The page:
Still fails the historical portion of the guideline. Walter Görlitz (talk) 18:03, 5 February 2014 (UTC)
  • Partial Support. Move and redirect OpenOffice to OpenOffice (disambiguation), while keeping the AOO page at its original name. (talk) 16:34, 5 February 2014 (UTC)
No. See WP:MALPLACED. --BDD (talk) 23:23, 7 February 2014 (UTC)
The above discussion is preserved as an archive of the proposal. Please do not modify it. Subsequent comments should be made in a new section on this talk page. No further edits should be made to this section.

See also Office Open XML[edit]

At the moment, the article says "OpenOffice may refer to: [...] Office Open XML". That seems as unlikely as "OpenOffice may refer to: [...] Libre Office". One thing that Office Open XML has nothing to do with is the slew of office suites that have shared the name OpenOffice. I'll move it to the 'See also' section. --Nigelj (talk) 20:26, 1 February 2014 (UTC)

You are representing that correctly. You made two changes.
  1. You moved "Office Open XML, a file format from Microsoft" to the see also section.
  2. You linked the creator articles.
So the format may be confused with the term "OpenOffice" and it makes perfect sense to include it in the main portion of the DAB not the see also section. Inclusion of items like this is discussed at Wikipedia:Disambiguation.
Linking of items other than the item being disambiguated is not advised at MOS:DABENTRY. Walter Görlitz (talk) 20:54, 1 February 2014 (UTC)
Although Microsoft never said so, many commentators at the time noted that the name "Office Open XML" seemed almost hand-picked for confusion with OpenOffice. So listing it here may be useful - David Gerard (talk) 22:08, 3 February 2014 (UTC)
It strike me as being a bit far fetched too. It's looks like a partial title match. It is ambiguous with OpenOffice XML but not with "OpenOffice". --Tóraí (talk) 23:28, 3 February 2014 (UTC)
Resectioning fixes that Yes check.svg Done Widefox; talk 23:46, 5 March 2014 (UTC)


The fundamental problem is that this dab is arguably a WP:BROADCONCEPT (plus the floor plan), somewhat similar to Nokia Lumia per WP:BROADCONCEPT. The scope being open source/open format office suits. Then we'd have more ability to detail relationships. On the other hand, this strange dab may be quicker. Widefox; talk 00:05, 6 March 2014 (UTC)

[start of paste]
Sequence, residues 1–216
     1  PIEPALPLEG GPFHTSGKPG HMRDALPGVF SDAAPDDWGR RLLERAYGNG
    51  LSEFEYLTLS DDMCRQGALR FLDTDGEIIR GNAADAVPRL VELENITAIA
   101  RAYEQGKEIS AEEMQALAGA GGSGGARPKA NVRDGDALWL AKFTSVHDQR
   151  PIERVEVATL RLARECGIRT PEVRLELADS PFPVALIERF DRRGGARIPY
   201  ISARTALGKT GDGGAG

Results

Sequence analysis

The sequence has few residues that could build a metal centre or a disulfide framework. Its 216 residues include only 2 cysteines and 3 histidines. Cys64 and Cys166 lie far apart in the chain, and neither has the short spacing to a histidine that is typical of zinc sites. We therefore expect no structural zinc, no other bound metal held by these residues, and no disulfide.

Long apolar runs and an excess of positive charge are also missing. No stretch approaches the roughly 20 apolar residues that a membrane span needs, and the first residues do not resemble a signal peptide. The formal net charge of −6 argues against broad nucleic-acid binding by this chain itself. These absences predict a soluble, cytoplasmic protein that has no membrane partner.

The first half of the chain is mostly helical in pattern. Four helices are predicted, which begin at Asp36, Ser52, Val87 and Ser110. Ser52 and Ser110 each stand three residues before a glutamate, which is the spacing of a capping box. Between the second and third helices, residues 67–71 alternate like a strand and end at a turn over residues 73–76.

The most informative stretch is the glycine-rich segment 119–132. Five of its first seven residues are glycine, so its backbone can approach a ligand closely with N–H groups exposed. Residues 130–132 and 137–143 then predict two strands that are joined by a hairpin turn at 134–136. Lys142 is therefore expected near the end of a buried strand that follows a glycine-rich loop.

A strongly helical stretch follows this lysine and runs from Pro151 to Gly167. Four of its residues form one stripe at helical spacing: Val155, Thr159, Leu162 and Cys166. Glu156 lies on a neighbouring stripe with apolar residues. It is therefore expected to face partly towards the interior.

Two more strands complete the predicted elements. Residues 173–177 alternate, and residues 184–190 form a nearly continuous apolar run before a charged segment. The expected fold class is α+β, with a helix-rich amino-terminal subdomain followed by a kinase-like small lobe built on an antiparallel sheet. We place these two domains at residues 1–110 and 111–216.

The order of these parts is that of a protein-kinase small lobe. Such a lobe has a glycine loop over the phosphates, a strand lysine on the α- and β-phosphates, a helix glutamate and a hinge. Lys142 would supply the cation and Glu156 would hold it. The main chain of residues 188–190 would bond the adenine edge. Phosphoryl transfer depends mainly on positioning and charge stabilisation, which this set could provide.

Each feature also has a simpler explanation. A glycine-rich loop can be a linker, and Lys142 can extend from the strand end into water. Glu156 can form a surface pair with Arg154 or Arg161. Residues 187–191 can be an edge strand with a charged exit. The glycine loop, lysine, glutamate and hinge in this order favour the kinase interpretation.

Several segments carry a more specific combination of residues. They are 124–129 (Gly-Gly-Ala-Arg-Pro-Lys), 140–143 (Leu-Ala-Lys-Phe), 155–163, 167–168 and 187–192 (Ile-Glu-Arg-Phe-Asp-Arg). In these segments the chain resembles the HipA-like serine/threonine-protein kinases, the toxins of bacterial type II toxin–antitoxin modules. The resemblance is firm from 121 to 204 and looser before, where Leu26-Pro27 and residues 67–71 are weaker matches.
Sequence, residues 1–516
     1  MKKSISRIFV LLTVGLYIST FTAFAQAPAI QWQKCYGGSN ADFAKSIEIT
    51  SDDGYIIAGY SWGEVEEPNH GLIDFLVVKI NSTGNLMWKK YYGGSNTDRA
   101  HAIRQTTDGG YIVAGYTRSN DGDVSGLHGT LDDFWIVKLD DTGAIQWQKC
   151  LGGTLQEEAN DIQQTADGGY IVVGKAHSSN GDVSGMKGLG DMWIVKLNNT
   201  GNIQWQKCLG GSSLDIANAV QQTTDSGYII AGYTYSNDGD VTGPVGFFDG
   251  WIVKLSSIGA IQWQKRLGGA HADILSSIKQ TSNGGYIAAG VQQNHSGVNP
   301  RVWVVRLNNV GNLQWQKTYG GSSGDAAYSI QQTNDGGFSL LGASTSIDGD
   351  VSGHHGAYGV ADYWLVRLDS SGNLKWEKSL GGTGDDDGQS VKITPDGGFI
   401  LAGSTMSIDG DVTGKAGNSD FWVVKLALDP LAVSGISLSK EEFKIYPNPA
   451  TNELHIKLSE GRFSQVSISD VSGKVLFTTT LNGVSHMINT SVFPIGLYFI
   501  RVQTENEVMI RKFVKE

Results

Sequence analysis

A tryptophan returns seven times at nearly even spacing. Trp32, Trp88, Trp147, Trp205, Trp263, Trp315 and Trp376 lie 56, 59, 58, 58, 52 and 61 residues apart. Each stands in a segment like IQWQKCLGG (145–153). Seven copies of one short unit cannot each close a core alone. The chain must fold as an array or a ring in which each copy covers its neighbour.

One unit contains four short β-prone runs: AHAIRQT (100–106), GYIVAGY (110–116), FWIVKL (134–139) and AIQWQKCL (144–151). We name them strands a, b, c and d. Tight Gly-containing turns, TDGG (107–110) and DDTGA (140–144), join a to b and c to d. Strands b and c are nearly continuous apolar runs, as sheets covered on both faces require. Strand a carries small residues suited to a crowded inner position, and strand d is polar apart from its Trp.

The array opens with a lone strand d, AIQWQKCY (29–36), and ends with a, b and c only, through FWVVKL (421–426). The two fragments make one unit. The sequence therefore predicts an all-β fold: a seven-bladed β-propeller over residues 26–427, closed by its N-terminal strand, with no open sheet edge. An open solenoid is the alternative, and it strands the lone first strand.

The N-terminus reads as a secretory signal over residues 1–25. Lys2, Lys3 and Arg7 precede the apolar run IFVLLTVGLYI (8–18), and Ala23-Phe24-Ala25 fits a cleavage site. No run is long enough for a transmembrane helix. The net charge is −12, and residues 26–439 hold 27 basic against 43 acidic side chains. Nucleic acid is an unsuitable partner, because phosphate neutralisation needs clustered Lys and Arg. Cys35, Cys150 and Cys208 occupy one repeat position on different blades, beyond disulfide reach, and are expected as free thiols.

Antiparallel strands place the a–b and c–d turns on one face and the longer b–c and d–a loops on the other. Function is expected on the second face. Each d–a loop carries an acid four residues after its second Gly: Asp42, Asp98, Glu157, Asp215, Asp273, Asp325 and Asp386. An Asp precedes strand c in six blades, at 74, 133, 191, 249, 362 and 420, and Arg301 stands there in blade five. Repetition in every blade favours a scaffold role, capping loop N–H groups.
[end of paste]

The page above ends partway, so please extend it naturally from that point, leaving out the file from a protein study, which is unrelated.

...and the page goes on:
Not really. Most of the "computing" section is about things either directly related to, named for the purpose of confusion with it (OOXML) or things whose names have been confused with it - disambiguation - David Gerard (talk) 00:18, 6 March 2014 (UTC)
Exactly, there may be too much emphasis on the software forking for inclusion "are instances or examples of that concept or type", rather than article title ambiguity. Directly related to doesn't make a dab (and OOXML may be a WP:PTM). Articles sharing the same name do. These aren't known as "OpenOffice":
  • LibreOffice
  • NeoOffice
  • OpenDocument
  • XML
  • Office Open XML
We should at least indent (in each of the two sections) so the relationship ties them to the name OOo (similar to Chrome Chrome/OS, Chromium/OS) as they don't warrant being standalone separate unindented items known as "OpenOffice", but rather forks and derivatives confused for that reason rather than name per se
but are: all items may be examples of the primary meaning of "open office" software and documents. This would also allow inclusion of StarOffice. Further opinions sought. I've marked as cleanup reqd for now.
(For comparison, Office (disambiguation) is easier). Widefox; talk 04:22, 6 March 2014 (UTC)
It's possible that Procrustean beds aren't restful, and that not everything should be Taylorised if you give a hoot about the end reader - David Gerard (talk) 08:23, 6 March 2014 (UTC)
It's our choice to use MOSDAB dabs (Procrustean beds if you like), I'm not sure who's acting Procrustes though... Back to topic, care to reason why MOSDAB is an arbitrary standard not useful here worthy of IAR, versus say an open office broadconcept (or horribly a List of StarOffice derivatives) There's disambiguation to be done, but short of guiding readers to the brightest light(s) now that the Star (and Open Office) have gone out per HOWTO / RECENT. Widefox; talk 02:06, 7 March 2014 (UTC)

Bogota, Colombia[edit]

Anon from Bogota, Colombia has made three changes to the article recently all focused on what I would call "re-branding" information. this and this are the two most detailed examples. It seems that editor is primarily concerned with detailing licensing. Walter Görlitz (talk) 18:45, 19 April 2014 (UTC)